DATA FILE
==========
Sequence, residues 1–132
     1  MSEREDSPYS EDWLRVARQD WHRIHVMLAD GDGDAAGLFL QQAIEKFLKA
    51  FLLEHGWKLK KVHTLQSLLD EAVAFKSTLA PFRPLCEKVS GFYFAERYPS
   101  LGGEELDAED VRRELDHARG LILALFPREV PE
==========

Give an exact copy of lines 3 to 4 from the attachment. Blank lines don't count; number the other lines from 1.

    51  FLLEHGWKLK KVHTLQSLLD EAVAFKSTLA PFRPLCEKVS GFYFAERYPS
   101  LGGEELDAED VRRELDHARG LILALFPREV PE